print edition

New edition alert: Lawmakers adjourn for the year and we hand out our annual TNJ awards

Lawmakers attend Gov. Bill Lee’s State of the State address in Nashville on Jan. 31, 2022. (Erik Schelzig, Tennessee Journal)

The latest print edition of The Tennessee Journal is out. Here is what’s in it:

— With the legislature safely adjourned, we hand out awards for the year’s best legislation, lobbying effort, and administration liaison. Also, an assortment participation medals for less laudable actions during the session.

— Party purity? Trump-backed candidate kicked off GOP ballot, but pot-smoking party switcher stays.

— Twenty-two Republican hopefuls failed to meet party standards but 13 are restored to the ballot, including a challenger to Rep. Scott Cepicky and three of four GOP candidates to succeed retiring Rep. Michael Curcio.

Also: Weston Wamp says he’s not behind attacks on rivals, Knoxville hires a new police chief, lawmakers deal final insult to Chancellor Ellen Hobbs Lyle, and the latest intrigue surrounding Bruce and Rebecca Griffey.

As always, access the your copy of the TNJ here.

Or subscribe here.

Early TNJ edition alert: An interview with the new Chattanooga mayor and a deep dive into the GOP’s state House redistricting plan

Rep. John Mark Windle (D-Livingston), left, walks to look at a proposed House redistricting map on Dec. 17, 2021. (Erik Schelzig, Tennessee Journal)

It’s the year’s last print edition of The Tennessee Journal! Don’t all rejoice at once! Here’s what we delved into this week:

— New Chattanooga Mayor Tim Kelly sits down for an interview with TNJ to discuss his unlikely path to elected office and his plans for the state’s fourth biggest city. Kelly talks early childhood education, the challenges facing midsized cities, and his efforts to bridge racial gaps.

— Redistricting update: A look at how the Republican plan for redrawing state House districts might affect incumbents on both sides of the aisle.

Also: Richard Briggs wonders if politics might soon inform hemorrhoid treatment decisions, Katrina Robinson gets pretrial diversion in her second federal fraud case, and our annual look at what Tennessee politicos should get for Christmas (spoiler alert: nothing good).

As always, access your copy of the TNJ here or subscribe here.

Happy holidays!

New TNJ edition alert: Supreme Court finalists in their own words, Little Debbie lawsuit

The Tennessee Supreme Court building is seen in Nashville on Dec.8, 2021. (Erik Schelzig, Tennessee Journal)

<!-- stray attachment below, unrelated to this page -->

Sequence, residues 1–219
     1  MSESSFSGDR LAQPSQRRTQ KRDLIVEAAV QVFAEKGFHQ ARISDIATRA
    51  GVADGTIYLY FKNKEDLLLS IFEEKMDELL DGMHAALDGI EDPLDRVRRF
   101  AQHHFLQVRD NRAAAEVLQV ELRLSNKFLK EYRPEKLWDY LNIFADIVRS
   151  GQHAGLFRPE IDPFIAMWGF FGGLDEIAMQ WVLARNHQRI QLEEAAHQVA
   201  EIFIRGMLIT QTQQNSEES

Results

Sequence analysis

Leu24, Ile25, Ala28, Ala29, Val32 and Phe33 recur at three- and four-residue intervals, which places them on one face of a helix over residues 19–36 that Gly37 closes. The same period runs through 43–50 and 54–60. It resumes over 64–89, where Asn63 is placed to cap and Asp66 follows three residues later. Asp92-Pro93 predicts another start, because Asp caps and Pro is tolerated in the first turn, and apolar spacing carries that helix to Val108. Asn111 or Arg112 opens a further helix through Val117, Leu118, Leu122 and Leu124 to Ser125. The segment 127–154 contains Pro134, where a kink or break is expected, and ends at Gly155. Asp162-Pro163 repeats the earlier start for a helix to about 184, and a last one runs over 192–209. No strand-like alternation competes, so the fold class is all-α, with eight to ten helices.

The latest print edition of The Tennessee Journal is out. Here’s what’s in it this week:

— We spent two days at judicial selection hearings so you didn’t have to. Here’s what the finalists for the Supreme Court had to say about legislative intent, their judicial role models, and the significance of the Federalist Society.

— Little Debbie snack maker files lawsuit to block new Pharmacy Benefit Manager law championed by House Speaker Cameron Sexton.

— Of the state’s 15 largest counties, all but two are moving to partisan school board nomination contests.

— Indicted senators update: Kelsey seeks delay for federal campaign finance trial, prosecutors seek to seize Robinson property following conviction.

Also: The state’s revenue collection surge continues, racial tension on the MTSU board, and a difference in perception about automotive incentives in the Beacon Center’s Pork Report.

As always, access your copy of the TNJ here or subscribe here.

New TNJ edition alert: State GOP executive committee update, finalists emerge from SCOTENN sweepstakes, Dole’s legacy in Tennessee

The state Capitol on March 16, 2020. (Erik Schelzig, Tennessee Journal)

The latest print edition of The Tennessee Journal is out. Here’s what we delve into this week:

— GOP executive committee mulls judicial candidate fees, pride coalition, presidential convention.

— Three finalists emerge for state Supreme Court vacancy after one leading candidate drops out to take top legal job in Lee administration.

— Political roundup: Bridgestone looks to turn the tables on the clawback provision, Memphis politicos leave for Nashville and don’t come back, and Slatery gets awarded.

— Obituary: Bob Dole outmaneuvered two of Tennessee’s most prominent Republicans on the national political stage.

Also: Kelvin Jones mounts an Alabama defense under questioning about buried cash, Knoxville kicks of 40th anniversary celebrations for 1982 World’s Fair, and Jon Huntsman likens Bob Corker to Led Zeppelin.

As always, access your copy of the TNJ here or subscribe here.

New TNJ edition alert: Lee lands megasite funding

The state Senate holds a redistricting hearing on Oct. 18, 2021. (Erik Schelzig, Tennessee Journal)

This week’s print edition of The Tennessee Journal is out in the world. Here are the highlights:

— Lee secures $884M incentive package for Ford’s megasite project.

— Like it or not (and business groups don’t), another special session approaches.

— From the campaign trail: Congressional fundraising, Democrat drops gubernatorial bid, Robinson gets an opponent, and Weston Wamp jumps into the Hamilton County mayor’s race.

— Slatery to lawmakers: I’m not political, you’re political.

Also: Kiffin take the high road, Japan-America Society criticized for honoring Hagerty, and Vaughan likens deficiencies in megasite deal to eating carrot cake without pecans in the icing.

As always, access your copy of the TNJ here or subscribe here.